The Queen of Spades (1949) Restoration

December 1st, 2022
Author: Meredith Taylor

Dir: Thorold Dickinson | Cast: Anton Walbrook, Edith Evans, Yvonne Mitchell, Ronald Howard, Michael Medwin, Valentine Dyall | UK Drama, 95′

Yet another jewel in an output by Dickinson, short on quantity but long on quality, which showed his time at The Film Society in the 1920s had been well spent.

It takes place in Imperial Russia 1806 where St Petersburg is in the grip of gambling fever. No card strikes more fear in to the hearts of the soldiers than the evil Queen of Spades. Captain Herman Suvorin (Anton Walbrook) is a lowly German engineer: an outsider obsessed with making his fortune whose peculiar manner isolates him from the revelries of the other bawdy soldiers. He is intrigued, though, by soldiers’ gossip that tells of the legend of an ancient Countess (Dame Edith Evans), who supposedly sold her soul to the devil years before in exchange for the secret of success at the card game de jour: Faro. When he stumbles across a strange and rare book that seems to confirm the story, Suvorin sets about a dastardly plan in order to extract the old lady’s secret for himself. Worming his way into the household by paying false court to the Countess’ lonely ward Lizaveta (Yvonne Mitchell), Suvorin discovers a secret door to the palace that leads directly into the Countess’ chambers. On the night of a ball that the Countess and Lizaveta attend, he enters the palace and waits in the shadows for the Countess, determined to learn her secret before another bitter winter’s day breaks.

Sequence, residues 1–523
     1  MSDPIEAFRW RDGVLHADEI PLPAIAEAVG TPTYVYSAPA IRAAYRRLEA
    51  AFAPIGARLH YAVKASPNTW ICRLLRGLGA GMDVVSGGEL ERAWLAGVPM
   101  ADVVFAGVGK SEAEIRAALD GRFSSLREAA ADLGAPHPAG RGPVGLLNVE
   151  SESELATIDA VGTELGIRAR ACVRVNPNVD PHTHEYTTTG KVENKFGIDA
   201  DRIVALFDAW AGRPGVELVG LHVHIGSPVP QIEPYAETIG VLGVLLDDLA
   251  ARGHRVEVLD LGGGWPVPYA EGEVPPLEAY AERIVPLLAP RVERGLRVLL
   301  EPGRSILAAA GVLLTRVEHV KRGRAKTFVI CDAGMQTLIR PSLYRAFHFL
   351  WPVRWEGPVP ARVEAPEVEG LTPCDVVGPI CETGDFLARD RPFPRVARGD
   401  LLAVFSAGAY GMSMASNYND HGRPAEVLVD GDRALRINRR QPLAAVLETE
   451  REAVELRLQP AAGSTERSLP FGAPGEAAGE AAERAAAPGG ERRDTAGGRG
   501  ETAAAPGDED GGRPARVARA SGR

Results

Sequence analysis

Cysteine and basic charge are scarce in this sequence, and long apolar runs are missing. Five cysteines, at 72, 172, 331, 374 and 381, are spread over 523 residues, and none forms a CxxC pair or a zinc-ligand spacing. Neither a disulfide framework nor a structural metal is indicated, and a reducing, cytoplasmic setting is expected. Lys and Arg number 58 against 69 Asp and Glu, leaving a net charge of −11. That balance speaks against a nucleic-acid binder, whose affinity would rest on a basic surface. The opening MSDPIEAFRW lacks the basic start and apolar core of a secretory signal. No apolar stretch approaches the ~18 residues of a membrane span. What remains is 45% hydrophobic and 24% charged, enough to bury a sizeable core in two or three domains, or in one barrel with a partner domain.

Immaculately assembled and incisively acted by a large cast of familiar faces it both looks good, thanks to the gothic photography by Otto Heller, and sounds good, thanks to Georges Auric’s rich score and eerie use of sound (notably the rustle of the Countess’s cape). Yet as coldly elegant as Anton Walbrook was in the lead, The Queen of Spades was a troubled production. Thorold Dickinson – at just three days notice – took over direction from screenwriter Rodney Ackland whose footage remains in the film (notably the flashback sequence with Pauline Tennant as the young countess) and plagued with money problems; not that you’d know from the film that emerged. RichardChatten


The Home entertainment release comes complete with bonus features including an Introduction by Martin Scorsese, a new interview with film critic Anna Bogutskaya as well as a rare filmed interview with Thorold Dickinson discussing the film in detail. THE QUEEN OF SPADES is the newest addition to the ever-expanding Vintage Classics collection.


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